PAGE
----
AUGUSTA (AP) – With this year’s regular session of the Legislature drawing toward a close, an ambitious plan put forth by Taxation Committee majorities to broaden the sales tax and lower the income tax appears to be more than stalled.

“They’re pretty well stuck on it,” Gov. John Baldacci said Monday as action on the two pieces of the panel’s plan remained pending in the Senate and House of Representatives.

“At this point, I’m less than hopeful,” said Democratic Sen. Joseph Perry of Bangor, a Taxation Committee co-chairman who favors the panel’s package.

One sticking point has been a proposed constitutional amendment put forth by the Legislature’s Taxation Committee that would set two-thirds majority requirements for approving changes in certain taxes.

It has drawn support in the Senate – from Republicans who philosophically favor it and from Democrats who view it as a cost of getting some GOP support on the tax-rate side – but its fate has been considered problematic in the Democrat-controlled House.

Meanwhile, the statutory package from the Taxation Committee to rebalance the tax code has hit major, if predictable, opposition from the business community.

It calls for a restructuring that would lower the top income tax rate in the current multi-tier system from 8.5 percent to a flat 6 percent for all.

Additionally, it would hold steady the general sales tax at 5 percent, but expand it to include numerous goods and services.

To provide property tax relief, a homestead exemption would be increased, with the state funding half, and a property tax and rent rebate program known as the circuit breaker would be expanded.

Some groups, like AARP in Maine, have lined up in support. But others, including the Maine State Chamber of Commerce, are working actively against.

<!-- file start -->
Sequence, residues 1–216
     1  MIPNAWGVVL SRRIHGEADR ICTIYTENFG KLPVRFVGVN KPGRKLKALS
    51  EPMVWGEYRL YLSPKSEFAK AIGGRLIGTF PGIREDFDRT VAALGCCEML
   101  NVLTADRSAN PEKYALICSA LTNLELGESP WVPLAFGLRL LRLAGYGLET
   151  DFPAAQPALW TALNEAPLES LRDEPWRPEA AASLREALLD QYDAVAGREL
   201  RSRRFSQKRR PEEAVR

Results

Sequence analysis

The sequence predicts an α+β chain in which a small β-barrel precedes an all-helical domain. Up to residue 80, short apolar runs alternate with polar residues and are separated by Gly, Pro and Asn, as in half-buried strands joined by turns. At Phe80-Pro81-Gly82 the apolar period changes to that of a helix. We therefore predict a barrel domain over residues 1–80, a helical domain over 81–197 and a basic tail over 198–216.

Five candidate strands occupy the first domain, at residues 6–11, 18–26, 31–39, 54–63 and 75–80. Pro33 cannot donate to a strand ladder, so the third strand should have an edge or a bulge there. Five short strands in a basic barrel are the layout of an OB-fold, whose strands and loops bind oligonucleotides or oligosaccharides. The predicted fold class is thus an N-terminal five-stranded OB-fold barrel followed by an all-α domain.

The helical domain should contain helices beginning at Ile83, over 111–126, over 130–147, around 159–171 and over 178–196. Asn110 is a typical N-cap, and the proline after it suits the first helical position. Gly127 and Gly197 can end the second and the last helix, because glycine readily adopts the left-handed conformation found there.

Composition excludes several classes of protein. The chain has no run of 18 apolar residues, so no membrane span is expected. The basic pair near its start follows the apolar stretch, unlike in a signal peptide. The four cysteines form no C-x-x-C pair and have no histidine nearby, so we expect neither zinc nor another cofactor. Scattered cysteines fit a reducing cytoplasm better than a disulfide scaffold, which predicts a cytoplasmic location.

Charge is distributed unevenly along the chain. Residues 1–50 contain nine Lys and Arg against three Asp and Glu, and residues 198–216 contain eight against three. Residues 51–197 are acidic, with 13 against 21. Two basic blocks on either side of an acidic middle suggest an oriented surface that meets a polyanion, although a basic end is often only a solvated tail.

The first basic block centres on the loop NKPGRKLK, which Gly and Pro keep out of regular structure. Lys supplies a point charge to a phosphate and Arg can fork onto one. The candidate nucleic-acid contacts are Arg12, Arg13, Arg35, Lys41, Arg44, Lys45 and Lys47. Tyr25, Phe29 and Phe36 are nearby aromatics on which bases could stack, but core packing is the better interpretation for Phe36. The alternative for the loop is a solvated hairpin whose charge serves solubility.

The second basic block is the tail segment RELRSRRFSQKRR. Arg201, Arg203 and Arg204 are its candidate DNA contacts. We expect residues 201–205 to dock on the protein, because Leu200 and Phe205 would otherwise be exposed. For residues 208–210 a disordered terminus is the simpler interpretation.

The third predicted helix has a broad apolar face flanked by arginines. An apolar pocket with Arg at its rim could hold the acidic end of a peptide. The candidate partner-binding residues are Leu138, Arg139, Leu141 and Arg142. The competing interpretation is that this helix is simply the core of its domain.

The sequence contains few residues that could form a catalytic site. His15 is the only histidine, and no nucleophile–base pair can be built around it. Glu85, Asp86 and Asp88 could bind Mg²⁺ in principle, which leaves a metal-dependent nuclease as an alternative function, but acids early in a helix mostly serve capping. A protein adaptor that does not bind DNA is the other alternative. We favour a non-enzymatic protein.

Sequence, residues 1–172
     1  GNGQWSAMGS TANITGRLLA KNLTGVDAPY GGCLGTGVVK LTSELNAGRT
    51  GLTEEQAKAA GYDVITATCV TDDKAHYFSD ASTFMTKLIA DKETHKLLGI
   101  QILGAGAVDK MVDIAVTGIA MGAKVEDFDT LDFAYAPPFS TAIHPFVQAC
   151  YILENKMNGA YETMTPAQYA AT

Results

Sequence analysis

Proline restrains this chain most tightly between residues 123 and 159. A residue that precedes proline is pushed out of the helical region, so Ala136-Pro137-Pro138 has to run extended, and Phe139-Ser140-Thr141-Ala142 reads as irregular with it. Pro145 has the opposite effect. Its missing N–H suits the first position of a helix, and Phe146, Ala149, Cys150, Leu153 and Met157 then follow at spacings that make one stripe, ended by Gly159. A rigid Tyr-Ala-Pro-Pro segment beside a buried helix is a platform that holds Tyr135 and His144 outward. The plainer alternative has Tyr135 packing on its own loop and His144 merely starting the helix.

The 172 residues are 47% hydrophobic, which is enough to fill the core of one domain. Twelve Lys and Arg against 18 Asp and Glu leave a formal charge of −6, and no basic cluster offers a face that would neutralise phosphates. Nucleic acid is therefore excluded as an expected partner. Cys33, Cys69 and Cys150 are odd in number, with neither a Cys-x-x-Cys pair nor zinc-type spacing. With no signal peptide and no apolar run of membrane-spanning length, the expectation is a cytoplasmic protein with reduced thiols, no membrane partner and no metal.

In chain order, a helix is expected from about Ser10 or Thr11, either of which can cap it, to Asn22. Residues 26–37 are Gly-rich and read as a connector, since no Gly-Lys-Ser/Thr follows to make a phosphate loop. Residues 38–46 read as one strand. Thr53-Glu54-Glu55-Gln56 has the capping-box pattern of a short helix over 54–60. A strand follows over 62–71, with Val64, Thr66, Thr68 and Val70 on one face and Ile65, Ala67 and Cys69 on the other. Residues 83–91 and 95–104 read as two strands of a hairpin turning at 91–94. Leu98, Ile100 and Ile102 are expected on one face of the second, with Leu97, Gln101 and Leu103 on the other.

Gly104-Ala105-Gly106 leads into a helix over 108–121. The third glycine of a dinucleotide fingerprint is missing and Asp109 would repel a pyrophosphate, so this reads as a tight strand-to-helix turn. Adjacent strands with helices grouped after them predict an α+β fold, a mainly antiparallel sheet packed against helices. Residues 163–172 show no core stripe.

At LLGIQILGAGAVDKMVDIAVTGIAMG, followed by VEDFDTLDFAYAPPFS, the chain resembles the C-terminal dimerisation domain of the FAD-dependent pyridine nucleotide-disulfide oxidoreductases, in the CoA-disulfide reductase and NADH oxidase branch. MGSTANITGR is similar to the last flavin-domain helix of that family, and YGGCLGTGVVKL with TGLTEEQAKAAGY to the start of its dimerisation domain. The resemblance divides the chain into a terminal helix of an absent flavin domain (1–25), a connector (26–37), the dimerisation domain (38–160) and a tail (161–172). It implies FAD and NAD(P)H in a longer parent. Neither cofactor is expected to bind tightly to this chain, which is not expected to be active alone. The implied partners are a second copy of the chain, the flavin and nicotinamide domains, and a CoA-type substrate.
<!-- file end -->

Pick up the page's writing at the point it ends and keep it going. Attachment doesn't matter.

Chamber President Dana Connors said Monday that while the Taxation Committee plan has met with significant opposition, it was too soon to declare the debate over. “I think that there’s a real effort to try to find an acceptable alternative. I don’t think the issue is dead by any means,” Connors said.

He added, however, that “time may be running out,” and, indeed, House and Senate leaders are looking to conclude the session this week.

“It’s a very ambitious package that they’ve put forth,” Baldacci said. “I’d like to see more bipartisan support.”

Baldacci said he favored not just “talk reform” but “tax relief.”

An analysis by state revenue officials has said the overall committee plan would generate tax decreases for nearly 624,000 families, while about 75,000 families would experience tax increases.

Shifting more of the current tax burden to out-of-staters would result in the overall reduction for residents, with winners realizing an average tax decrease of $338 and losers realizing an average tax increase of $413, according to the Maine Revenue Services analysis.

Perry declined to cast Baldacci as a flat-out opponent.

“He’s concerned. This is sweeping change. … He wants to make sure there is massive public buy-in,” Perry said.

Various discussions on altering the committee package have touched on elements ranging from scaling back any sales tax broadening to replacing much or all of it with an increase of the 5 percent sales levy to 6 percent, where it was set for much of the 1990s.

Other ideas have included sending the matter back to committee with an eye toward bringing the issue before the full Legislature again in a special session or in next year’s regular session.

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